Why it matters: While Democrats fight to convince voters that they should be the ones tasked with taking down President Trump, the current administration is powering ahead on efforts to restrict immigration, unleash business and reshape the U.S. role in the world.
The fight over a new Supreme Court justice will take Washington's partisan bickering to a new level and undermine any chance for needed coronavirus relief measures before November's election, Wall Street analysts say.
What we're hearing: "With the passing of Justice Ginsburg, the level of rhetorical heat has increased, if that seemed even possible," Greg Staples, head of fixed income for the Americas at DWS Group, tells Axios in an email.
Rep. Matt Gaetz (R-Fla.), a rising conservative star, writes about traveling with President Trump from New Hampshire to Dover Air Force Base for the return of the remains of two constituents killed in Afghanistan in his book, "Firebrand," out Tuesday.
"He insisted we cut the politics short," Gaetz told Axios. "He said: 'Matt, we have to show the country the impact of these wars.' ... President Trump understands that to move people, you have to create scenes and use images. It's not enough to talk."
Health care wasn't the top issue heading into the 2020 election — and then Ruth Bader Ginsburg died.
Between the lines: This poll was conducted in the days before her death, which has significantly increased the threat to the Affordable Care Act and thus the threat to the law's pre-existing conditions protections.
Joe Biden's campaign released on Tuesday a letter signed by 13 winners of the Nobel Prize in economics who say that while their views are different, they all think his policies "will result in economic growth that is faster, more robust, and more equitable."
Our thought bubble, via Axios Hans Nichols: These economist letters are often little more than veiled job applications from academics hoping for a Fed or White House position. But given that these laureates are éminence grises of American economics, they probably just want to be on the record supporting Biden.
A stark difference between the Trump and Biden campaigns is Trump-Pence's aggressive continuation of traditional door-knocking amid the pandemic, while Joe Biden emphasizes virtual techniques. And President Trump travels more.
The state of play: Trump campaign manager Bill Stepien is now quantifying the difference, arguing in a new memo that candidate travel and the campaign's ground game give the president an advantage at a time when the airwaves are saturated.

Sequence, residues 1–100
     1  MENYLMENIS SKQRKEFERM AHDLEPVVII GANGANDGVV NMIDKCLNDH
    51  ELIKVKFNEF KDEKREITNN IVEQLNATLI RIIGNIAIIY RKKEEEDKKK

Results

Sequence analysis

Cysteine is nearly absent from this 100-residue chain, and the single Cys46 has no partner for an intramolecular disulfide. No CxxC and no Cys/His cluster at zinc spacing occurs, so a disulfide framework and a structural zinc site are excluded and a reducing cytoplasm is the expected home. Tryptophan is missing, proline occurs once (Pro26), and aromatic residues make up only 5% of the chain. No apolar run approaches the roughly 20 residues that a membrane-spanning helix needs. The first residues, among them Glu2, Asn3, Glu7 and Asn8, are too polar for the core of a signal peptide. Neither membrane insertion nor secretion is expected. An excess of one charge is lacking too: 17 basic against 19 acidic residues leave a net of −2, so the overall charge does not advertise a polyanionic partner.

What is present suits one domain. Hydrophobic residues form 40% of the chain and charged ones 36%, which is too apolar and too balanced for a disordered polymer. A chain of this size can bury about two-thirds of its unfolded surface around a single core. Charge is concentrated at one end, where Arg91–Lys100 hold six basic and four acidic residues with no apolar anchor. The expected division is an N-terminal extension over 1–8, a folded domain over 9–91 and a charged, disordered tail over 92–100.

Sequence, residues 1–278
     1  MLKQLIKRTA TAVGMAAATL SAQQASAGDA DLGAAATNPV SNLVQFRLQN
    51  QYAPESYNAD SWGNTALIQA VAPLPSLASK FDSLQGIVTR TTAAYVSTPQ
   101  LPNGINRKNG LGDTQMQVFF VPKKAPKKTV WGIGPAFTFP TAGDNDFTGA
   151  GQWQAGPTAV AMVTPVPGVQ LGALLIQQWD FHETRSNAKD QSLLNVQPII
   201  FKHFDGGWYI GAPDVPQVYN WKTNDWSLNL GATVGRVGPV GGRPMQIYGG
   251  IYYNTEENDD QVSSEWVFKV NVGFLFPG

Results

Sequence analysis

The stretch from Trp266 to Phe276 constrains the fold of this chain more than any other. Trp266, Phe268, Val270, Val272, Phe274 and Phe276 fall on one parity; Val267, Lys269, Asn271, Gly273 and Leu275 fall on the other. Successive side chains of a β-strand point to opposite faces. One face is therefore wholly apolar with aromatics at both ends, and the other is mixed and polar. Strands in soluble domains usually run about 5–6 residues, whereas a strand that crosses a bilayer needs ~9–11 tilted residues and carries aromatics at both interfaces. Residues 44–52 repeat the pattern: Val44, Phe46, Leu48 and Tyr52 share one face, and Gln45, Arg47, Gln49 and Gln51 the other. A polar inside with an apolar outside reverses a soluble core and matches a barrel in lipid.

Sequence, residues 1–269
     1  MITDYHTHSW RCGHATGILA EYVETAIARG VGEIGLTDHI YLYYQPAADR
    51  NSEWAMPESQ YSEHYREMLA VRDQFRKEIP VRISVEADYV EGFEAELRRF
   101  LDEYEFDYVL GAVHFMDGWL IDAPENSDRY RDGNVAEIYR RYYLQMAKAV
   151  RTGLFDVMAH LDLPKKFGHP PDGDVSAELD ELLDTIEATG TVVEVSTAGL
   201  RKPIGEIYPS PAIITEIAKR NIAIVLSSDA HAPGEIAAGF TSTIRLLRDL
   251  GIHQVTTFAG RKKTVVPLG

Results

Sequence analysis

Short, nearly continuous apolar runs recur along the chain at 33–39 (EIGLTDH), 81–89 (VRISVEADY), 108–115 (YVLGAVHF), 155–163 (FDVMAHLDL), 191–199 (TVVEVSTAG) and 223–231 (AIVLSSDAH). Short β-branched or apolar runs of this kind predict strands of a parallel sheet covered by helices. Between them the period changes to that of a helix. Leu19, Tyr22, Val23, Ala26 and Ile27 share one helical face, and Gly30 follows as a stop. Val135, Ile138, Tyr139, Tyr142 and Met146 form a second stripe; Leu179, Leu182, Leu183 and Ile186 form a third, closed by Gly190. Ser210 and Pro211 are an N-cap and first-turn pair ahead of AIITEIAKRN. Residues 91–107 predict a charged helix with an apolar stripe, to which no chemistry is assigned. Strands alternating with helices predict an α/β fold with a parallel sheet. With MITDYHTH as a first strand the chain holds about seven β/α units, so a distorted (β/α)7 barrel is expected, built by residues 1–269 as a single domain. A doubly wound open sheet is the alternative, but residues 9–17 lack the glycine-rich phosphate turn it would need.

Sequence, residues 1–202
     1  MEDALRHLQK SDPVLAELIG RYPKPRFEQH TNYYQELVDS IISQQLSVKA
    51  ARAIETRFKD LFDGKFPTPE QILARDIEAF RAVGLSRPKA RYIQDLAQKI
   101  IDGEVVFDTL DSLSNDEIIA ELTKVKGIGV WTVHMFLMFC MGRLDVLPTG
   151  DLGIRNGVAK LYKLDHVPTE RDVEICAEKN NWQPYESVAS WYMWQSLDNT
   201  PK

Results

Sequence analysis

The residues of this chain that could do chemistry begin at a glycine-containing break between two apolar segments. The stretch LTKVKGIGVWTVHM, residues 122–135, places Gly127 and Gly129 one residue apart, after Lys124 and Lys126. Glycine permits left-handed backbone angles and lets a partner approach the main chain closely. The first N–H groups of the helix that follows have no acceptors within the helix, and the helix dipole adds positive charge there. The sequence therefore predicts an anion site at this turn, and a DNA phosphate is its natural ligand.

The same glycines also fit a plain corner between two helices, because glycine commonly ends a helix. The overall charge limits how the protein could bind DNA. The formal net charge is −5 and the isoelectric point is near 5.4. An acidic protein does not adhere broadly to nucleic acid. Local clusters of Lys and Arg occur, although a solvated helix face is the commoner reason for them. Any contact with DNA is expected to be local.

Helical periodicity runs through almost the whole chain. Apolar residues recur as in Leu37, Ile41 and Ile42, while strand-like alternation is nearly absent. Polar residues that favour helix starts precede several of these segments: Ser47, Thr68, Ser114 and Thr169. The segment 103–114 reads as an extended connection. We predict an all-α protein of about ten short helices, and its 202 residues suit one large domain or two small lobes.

America's elected representatives have failed America.
Why it matters: The bipartisan inability to deliver economic stimulus could impede economic growth for months to come. It will create widespread damage across America — from small businesses to large industries to schools and day cares — and leave many Americans without jobs or homes.
Bills designed to address the issue of missing and murdered Native Americans that passed unanimously in the House Monday are headed to President Trump's desk to be signed into law.
Why it matters: The first bill, Savanna's Act, "addresses a tragic issue in Indian Country and helps establish better law enforcement practices to track, solve and prevent these crimes against Native Americans," said Senate Committee on Indian Affairs Chair John Hoeven (R-N.D.), who co-sponsored the bill, in a statement.
The Louisville police chief declared in a memo obtained by news outlets a "state of emergency" for the department on Monday to prepare for Kentucky Attorney General Daniel Cameron's expected announcement on the Breonna Taylor case.
Of note: Louisville has witnessed more than 115 days of protests over the police killing of Taylor, an unarmed Black woman, with calls for all the officers involved to be charged.
Vice President Mike Pence told "CBS Evening News" on Monday that President Trump has "an obligation under the Constitution" to put forward a nominee to replace the late Ruth Bader Ginsburg.
The state of play: Senate Majority Leader Mitch McConnell (R-Ky.) has vowed to give Trump's nominee a vote, despite opposing then-President Obama's nomination of Merrick Garland following Justice Antonin Scalia's death in 2016, on the grounds that voters should decide in the next election who is appointed to the court.
With President Trump planning to nominate his third Supreme Court justice nominee this week, key Republican senators are indicating their stance on replacing the late Justice Ruth Bader Ginsburg with less than 50 days until Election Day.
The state of play: Senate Majority Leader Mitch McConnell (Ky.) has vowed that "Trump's nominee will receive a vote on the floor of the United States Senate." Sen. Cory Gardner (R-Colo.), who's facing a difficult re-election race, announced Monday he will vote to confirm Trump's nominee, meaning Republicans are all but assured to have enough support to hold hearings.
President Trump met with Judge Amy Coney Barrett Monday afternoon at the White House, days before he is set to announce his pick to fill the Supreme Court seat vacated by Justice Ruth Bader Ginsberg, two sources familiar with meeting tell Axios.